Breaking packages on the MythTV box

As I mentioned earlier, I have a MythTV computer, installed from packages, but I’ve broken some of the packages. Here are some of the issues that I had with the packages, and how I solved them.

Two of the package manager drawbacks I’ve mentioned previously appear here: the one-size-fits-all approach to software packaging, and the failure to receive timely updates.

The MythTV box is on old hardware. Because it has hardware assistance for both MPEG encoding and decoding, I didn’t need a new computer with a fast CPU. The fact that this is old hardware, with a 7-year old BIOS, may be why I had problems, but I found it easier to break the packages than to try to solve the problems under the constraints of the package system.

First, the MythTV box controls an infra-red LED attached to its serial port, allowing it to change the channels on a digital cable box. This requires the use of the LIRC package, and the lirc_serial kernel module. Well, at the time I set this up, the lirc_serial module was having problems with the SMP kernel. The system would generate an oops quite regularly when it wanted to change channels. Looking at the oops logs, I could see that there were problems specifically with SMP. My MythTV box has only one CPU, so I didn’t need an SMP kernel, but because some users will have SMP computers, the KnoppMyth distribution ships with an SMP kernel. I tried to find a non-SMP kernel for the system, without success. So, the easiest way to fix the problem was just to download a recent kernel source tree from, copy the configuration file from the Knoppix kernel, and reconfigure it as non-SMP. The spontaneous reboots stopped occurring. The package manager still believes that it knows what kernel is running on the computer, but that isn’t what is really installed.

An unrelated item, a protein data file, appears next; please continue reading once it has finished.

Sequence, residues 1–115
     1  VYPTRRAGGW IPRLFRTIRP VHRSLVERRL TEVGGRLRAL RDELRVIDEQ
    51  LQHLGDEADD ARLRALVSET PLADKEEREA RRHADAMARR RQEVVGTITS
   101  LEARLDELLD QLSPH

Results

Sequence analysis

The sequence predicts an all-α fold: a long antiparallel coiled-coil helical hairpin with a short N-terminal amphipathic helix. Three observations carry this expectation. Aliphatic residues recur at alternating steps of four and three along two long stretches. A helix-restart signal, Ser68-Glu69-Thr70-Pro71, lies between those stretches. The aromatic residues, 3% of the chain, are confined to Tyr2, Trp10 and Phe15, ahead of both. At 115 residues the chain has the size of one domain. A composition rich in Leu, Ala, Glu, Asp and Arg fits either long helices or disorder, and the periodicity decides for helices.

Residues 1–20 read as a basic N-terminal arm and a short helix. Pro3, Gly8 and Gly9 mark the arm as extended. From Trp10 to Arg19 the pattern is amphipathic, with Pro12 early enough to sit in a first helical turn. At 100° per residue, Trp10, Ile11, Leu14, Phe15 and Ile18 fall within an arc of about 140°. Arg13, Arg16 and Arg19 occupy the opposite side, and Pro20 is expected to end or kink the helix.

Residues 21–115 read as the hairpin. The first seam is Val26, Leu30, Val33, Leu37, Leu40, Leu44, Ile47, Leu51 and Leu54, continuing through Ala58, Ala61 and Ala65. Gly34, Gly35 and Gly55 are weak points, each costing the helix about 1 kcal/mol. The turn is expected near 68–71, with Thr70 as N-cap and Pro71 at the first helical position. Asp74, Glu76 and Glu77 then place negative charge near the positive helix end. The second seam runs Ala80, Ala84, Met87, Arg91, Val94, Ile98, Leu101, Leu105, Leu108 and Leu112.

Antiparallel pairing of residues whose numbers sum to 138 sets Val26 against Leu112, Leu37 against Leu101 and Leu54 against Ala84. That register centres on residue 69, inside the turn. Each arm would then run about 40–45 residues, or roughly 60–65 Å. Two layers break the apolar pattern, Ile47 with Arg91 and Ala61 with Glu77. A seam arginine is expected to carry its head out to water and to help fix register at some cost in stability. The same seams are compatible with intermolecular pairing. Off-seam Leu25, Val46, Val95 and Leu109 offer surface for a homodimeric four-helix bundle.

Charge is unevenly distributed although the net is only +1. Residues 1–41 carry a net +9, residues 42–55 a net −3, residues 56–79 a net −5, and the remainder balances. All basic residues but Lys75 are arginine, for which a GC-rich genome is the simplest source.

When I installed the MythTV box, the software was still a bit immature, and a stability fix in the form of version 0.20 came out several months later. I waited a few weeks with no update to the distribution, and no word of when an update might become available. Eventually, I grew impatient and downloaded the source code of 0.20 myself, recompiled it on the MythTV box, and installed it over top of the existing programs.

There was one other impact of the one-size-fits-all approach that caused difficulties with the MythTV box. I was regularly recording a television show between 6:00AM and 6:30AM. A few minutes before the end of the show, the recording would have problems. The audio would break up, and the video would jump. It appeared that the program was losing frames of data, either because it was losing interrupts, or because it couldn’t get the data to the disk quickly enough. Because it happened at about the same time every day, I expected it was probably a cron job. I got a root shell on the box, and asked for the list of all root-owned cron jobs with the command “crontab -l”. This reported that there were no root-owned cron jobs. I mistrusted this result, and did more investigation. As I mentioned in the first post, distribution packagers often break up a configuration file into a set of separate files. They did that with cron jobs, which means that the command-line tool that ought to tell you all about root-owned cron jobs didn’t report the full set of such processes. A bit of digging around in /etc showed that the slocate database update was being run at that time. This process scans the entire disk, making a list of the files on it. While probably useful in a general context, this is an unnecessary operation on an appliance box that isn’t changing, particularly when it results in so much bus traffic that the primary function of the box is degraded. My solution was to change the /etc/crontab file (which is, itself, not viewed by “crontab -l”) so that a cron job would be skipped if there were any users (reported by the ‘fuser’ command) of either of the two video input devices, /dev/video0 and /dev/video1.

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